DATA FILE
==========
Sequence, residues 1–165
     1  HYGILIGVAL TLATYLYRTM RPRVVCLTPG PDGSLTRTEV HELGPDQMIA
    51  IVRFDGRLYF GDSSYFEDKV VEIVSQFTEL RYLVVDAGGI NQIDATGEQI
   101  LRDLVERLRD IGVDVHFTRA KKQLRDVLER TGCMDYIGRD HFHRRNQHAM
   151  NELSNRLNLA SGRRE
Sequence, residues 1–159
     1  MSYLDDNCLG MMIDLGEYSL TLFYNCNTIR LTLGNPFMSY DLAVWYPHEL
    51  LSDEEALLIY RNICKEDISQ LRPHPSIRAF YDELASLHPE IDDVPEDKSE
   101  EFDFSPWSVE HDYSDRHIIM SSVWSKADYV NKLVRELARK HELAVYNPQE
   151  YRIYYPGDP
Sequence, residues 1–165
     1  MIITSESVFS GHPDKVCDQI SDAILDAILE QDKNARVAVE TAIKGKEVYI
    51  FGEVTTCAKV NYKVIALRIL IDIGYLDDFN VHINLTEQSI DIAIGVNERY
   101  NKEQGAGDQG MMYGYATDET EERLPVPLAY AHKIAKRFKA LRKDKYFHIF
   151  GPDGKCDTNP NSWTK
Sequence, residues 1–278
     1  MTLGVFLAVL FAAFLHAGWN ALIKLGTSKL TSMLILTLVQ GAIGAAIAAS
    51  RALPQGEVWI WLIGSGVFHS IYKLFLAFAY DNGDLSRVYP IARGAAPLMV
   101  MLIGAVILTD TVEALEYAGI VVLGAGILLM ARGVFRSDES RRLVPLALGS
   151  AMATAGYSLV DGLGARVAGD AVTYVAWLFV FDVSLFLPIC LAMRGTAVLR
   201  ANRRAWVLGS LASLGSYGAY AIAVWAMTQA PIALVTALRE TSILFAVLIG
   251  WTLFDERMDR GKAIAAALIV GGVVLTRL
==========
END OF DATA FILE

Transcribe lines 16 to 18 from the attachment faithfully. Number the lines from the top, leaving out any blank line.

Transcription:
Sequence, residues 1–278
     1  MTLGVFLAVL FAAFLHAGWN ALIKLGTSKL TSMLILTLVQ GAIGAAIAAS
    51  RALPQGEVWI WLIGSGVFHS IYKLFLAFAY DNGDLSRVYP IARGAAPLMV